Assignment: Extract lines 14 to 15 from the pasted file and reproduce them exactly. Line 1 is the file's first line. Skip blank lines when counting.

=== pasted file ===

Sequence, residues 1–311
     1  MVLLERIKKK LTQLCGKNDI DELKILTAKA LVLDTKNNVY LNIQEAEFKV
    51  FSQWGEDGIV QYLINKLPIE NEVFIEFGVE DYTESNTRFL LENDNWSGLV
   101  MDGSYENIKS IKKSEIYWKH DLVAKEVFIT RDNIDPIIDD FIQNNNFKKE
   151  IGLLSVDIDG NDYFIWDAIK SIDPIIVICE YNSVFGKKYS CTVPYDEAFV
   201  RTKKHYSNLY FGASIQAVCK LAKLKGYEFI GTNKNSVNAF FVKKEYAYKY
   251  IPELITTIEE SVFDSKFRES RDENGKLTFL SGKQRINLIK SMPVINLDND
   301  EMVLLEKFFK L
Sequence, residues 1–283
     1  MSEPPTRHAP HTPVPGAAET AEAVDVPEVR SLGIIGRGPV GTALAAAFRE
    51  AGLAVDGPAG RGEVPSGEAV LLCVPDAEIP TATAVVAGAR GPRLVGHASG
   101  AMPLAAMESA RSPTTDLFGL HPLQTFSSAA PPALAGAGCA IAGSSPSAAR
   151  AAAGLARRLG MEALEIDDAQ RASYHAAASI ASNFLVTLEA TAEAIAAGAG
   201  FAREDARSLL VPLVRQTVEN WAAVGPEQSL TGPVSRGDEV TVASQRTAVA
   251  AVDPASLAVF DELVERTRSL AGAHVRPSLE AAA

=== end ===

   201  FAREDARSLL VPLVRQTVEN WAAVGPEQSL TGPVSRGDEV TVASQRTAVA
   251  AVDPASLAVF DELVERTRSL AGAHVRPSLE AAA